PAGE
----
The days of being blinded by glare from the sun, despite the $300 sunglasses straddling your face, may soon be over.
Chris Mullin, PhD, a formerly local inventor and entrepreneur, has teamed up with the University at Buffalo to develop sunglasses that detect bright spots of light and darken specific parts of the lens to protect sunglasses wearers from blinding glare.
And the U.S. Air Force is funding new research focused on creating eyewear for fighter pilots and soldiers. The technology may also have potential applications in the automotive, recreational and health care sectors.
"Our products let users see more in glare situations than ever before, because they reduce direct glare 10 to 100 times more than any other sunglasses," says Mullin, adding, "when there is no glare, it's just a pair of sunglasses."
Mullin is the founder and CEO of Dynamic Eye, a company he created in 2003, and has since worked with UB electrical-engineering professor Albert Titus, PhD, on producing state-of-the-art sunglasses that combine sensors and miniaturized electronics to identify and block bright glare.
The sunglasses are not yet ready for the consumer market.
Together, Mullin and Titus improved the speed at which the sensor was able to detect glare, at one point taking a prototype of the sunglasses to Buffalo's Delaware Park and testing them out on random park goers.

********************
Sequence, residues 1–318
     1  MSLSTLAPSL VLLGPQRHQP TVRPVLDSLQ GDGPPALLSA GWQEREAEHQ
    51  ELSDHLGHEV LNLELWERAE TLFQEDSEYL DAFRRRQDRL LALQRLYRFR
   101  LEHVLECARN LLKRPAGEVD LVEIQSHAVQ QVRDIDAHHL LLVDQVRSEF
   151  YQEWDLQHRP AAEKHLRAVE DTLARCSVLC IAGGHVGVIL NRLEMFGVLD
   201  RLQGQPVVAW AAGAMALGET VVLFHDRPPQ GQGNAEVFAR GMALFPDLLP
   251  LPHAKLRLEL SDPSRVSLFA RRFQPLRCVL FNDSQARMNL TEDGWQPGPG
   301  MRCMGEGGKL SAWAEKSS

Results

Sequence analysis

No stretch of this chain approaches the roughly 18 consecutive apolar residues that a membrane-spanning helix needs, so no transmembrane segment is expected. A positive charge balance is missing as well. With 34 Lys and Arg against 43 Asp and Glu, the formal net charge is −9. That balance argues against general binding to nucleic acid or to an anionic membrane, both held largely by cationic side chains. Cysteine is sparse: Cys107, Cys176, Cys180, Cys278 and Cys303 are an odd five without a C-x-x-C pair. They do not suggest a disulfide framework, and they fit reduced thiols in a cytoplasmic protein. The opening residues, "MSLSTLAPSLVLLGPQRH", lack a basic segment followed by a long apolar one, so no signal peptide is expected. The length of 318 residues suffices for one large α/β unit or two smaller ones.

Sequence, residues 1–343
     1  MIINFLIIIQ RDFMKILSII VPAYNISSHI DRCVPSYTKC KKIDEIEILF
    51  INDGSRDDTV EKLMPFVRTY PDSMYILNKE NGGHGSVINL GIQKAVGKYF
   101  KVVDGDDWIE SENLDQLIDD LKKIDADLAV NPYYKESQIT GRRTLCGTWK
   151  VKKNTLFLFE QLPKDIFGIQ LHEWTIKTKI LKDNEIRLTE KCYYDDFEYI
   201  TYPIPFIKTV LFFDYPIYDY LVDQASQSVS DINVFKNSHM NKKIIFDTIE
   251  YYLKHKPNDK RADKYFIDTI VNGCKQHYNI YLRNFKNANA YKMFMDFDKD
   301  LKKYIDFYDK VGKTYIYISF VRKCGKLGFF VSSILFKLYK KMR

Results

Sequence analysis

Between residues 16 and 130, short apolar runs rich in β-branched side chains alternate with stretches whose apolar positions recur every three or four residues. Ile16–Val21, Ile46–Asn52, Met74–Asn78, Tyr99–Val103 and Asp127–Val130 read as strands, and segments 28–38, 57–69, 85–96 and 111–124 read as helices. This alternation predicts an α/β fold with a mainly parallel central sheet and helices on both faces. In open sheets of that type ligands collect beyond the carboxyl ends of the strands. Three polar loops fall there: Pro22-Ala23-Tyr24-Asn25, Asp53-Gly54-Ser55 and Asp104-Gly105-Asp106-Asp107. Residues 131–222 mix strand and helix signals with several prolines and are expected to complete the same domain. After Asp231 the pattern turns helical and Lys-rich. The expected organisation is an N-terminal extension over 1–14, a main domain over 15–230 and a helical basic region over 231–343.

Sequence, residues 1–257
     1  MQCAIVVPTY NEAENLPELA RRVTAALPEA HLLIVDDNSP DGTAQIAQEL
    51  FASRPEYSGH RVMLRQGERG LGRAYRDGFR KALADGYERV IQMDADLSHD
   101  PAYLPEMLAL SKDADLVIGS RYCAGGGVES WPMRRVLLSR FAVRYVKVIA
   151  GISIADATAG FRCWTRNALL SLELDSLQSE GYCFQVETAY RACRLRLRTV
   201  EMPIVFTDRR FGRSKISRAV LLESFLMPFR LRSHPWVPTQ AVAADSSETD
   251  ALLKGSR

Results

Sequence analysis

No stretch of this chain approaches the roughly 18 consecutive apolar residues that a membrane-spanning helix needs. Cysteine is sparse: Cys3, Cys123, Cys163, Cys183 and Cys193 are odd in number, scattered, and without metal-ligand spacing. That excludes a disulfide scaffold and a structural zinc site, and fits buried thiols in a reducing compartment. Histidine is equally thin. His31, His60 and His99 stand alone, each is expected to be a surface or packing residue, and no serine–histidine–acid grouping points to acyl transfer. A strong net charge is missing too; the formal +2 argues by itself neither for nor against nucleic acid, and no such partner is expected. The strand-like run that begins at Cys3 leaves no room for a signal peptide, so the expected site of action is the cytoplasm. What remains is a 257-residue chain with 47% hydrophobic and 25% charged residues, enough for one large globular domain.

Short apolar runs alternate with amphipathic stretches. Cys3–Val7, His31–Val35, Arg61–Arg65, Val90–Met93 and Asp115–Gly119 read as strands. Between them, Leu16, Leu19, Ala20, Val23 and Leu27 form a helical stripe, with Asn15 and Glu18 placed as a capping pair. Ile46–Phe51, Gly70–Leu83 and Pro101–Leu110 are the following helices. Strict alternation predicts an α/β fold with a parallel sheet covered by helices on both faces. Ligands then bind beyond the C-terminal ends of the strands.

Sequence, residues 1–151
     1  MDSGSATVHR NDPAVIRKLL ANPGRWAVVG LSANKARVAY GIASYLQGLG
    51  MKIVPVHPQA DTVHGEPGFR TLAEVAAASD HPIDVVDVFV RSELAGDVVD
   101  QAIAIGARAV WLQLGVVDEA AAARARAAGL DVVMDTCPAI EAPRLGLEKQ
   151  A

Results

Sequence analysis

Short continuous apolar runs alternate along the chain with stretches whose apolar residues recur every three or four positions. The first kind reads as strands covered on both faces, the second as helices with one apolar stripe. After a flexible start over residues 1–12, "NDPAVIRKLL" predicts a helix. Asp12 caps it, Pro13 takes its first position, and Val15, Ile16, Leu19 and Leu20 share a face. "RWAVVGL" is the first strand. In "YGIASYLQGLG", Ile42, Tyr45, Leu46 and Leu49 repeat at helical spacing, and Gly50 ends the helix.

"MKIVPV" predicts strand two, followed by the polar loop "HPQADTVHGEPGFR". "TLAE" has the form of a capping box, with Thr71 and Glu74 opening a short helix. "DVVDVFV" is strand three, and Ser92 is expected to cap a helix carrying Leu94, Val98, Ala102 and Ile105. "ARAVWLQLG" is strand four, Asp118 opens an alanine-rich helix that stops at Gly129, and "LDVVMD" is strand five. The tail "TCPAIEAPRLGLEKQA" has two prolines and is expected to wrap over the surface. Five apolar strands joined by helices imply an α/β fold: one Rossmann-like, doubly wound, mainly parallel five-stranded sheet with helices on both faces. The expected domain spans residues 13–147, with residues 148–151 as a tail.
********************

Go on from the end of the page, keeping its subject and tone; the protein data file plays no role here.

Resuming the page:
"Dr. Titus and I built a significant amount of 'brains' into our patented glare sensor," says Mullin, an expert in optics, electronics and plastics. "Our microcontroller does not need to work very hard to perceive and fight glare."
The glasses' lenses are actually liquid crystal display (LCD) screens, capable of creating dark spots that specifically target glaring light.
A pinhole camera in the bridge of the glasses takes a picture of the frame's line of vision. The camera itself analyzes the image and scans it for glare that exceeds a certain threshold.
The camera then alerts an adjacent microcontroller, which directs the LCD to send extra pixels of shade to that portion of the lens, displaying a four- to six-millimeter gray square in front of the eye.
The square moves with the wearer to block the source of glare at any angle but still allows the surroundings to remain visible. If the sun moves, then so does the LCD spot.
This whole process takes about 50 milliseconds.
Glasses for glaucoma patients with sensitivity to light would certainly benefit from Mullin's technology, as would a car's rearview mirrors and windshield, to avoid being blinded by either bright headlights at night or the sun. "A few circuits, a little battery power and you can really fight the sun," says Mullin.
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